Back at the end of December, I wrote an article for ProBlogger entitled 10 Things You Should Know about WordPress 2.0. Three(ish) months and 2 security/bugfix releases laters, I think WordPress 2.x deserves another look – a follow up, if you will.
In December, I raved about the rewriting and re-implementation of a number of import paths from other blog systems Personally, I have worked with four of the six standard importers now available for Moveable Type, Live Journal, Blogger, Textpattern, Dotclear and RSS. I personally wrote the Textpattern script and I hope to have a Nucleus importer available for the next major release of WordPress. Contact me if you need it.
Anyway you look at, it’s great to see more availability for bringing content in from other systems. It still seems kind of boneheaded that there are no import paths from other WordPress or WordPress.com blogs but I imagine it’s only a matter of time.
Image handling was one of my biggest pet peeves about WordPress 2.0. It was horrible when it was released but Andy Skelton did due diligence brilliantly on getting this feature to not only work appropriately but work phenomenally. Back in December, image uploading did not handle thumbnails/original size images well at all. If one used the Rich Text Editor included in WordPress, even when attempting to use the Original Size feature, it would insert as a thumbnail and scaling would create pixelated images.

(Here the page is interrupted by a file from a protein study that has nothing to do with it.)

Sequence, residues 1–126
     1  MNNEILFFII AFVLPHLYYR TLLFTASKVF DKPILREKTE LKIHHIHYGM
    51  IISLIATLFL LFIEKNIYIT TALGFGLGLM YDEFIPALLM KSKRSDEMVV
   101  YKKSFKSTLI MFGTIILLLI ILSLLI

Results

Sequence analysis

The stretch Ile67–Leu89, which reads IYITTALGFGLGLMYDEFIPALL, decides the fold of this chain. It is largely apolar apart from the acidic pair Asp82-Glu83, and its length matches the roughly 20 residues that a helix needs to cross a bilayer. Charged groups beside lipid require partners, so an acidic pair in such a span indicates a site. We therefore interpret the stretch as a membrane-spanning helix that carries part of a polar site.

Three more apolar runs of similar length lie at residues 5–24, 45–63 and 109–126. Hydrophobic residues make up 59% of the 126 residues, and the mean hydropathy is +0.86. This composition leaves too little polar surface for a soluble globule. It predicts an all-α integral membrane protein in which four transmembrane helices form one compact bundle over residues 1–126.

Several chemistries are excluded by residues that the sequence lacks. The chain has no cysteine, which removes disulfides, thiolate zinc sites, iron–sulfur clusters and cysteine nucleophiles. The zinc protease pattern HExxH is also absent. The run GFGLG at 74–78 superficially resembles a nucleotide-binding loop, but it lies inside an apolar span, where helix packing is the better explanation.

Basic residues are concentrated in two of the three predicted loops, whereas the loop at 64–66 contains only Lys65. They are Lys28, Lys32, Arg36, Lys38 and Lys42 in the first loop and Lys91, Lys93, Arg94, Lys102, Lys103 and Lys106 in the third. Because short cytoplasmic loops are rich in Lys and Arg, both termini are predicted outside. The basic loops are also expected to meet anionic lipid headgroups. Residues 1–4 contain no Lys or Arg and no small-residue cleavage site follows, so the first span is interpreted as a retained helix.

There were inconsistencies between how image files were handled in the Rich Text Editor and how they were handled in the standard editor. There were inconsistencies that would prevent older WordPress users from using the same kind of file structure as they were familiar with (the new image uploader would upload to wp-content/YYYY/MM by default thus having to make sure folder permissions were set, etc.
I am happy to say that this piece of functionality is incredibly useful to me now and that the bugs have been ironed out. Way to go, Andy!
Rich Text Editor
The Rich Text Editor, while useful to a great many users, still is of no use to me. I still dislike it and I still advise bloggers to avoid its use. One of the biggest problems we have had at b5 is with bloggers who copy/paste directly from the internet and paste into the RTE. The RTE captures all the formatting of the copied text, including bad markup. In one case, the RTE caputed an unclosed
<div> which needless to say, broke the entire layout of the blog.
The code behind the RTE has improved tremendously. Used in its basic form, without copying and pasting or adding/deleting/re-adding images, etc, it creates relatively clean and unproblematic markup and can be considered for basic blogging. However, advanced bloggers and bloggers who use a lot of images, I recommend the standard editor.
Additional Standard Templates
One enhancement that has come since WordPress 2.0 is a
functions.php file. This is not a required template file but can be included in a theme to provide additional theme-specific PHP functionality or tags. Developers should be cautious when using this file and it is still recommended to provide add-on functionality via a plugin if possible.
Bugfixes and Changesets
You can see the full and exhaustive list of commits since the WordPress 2.0 launch here.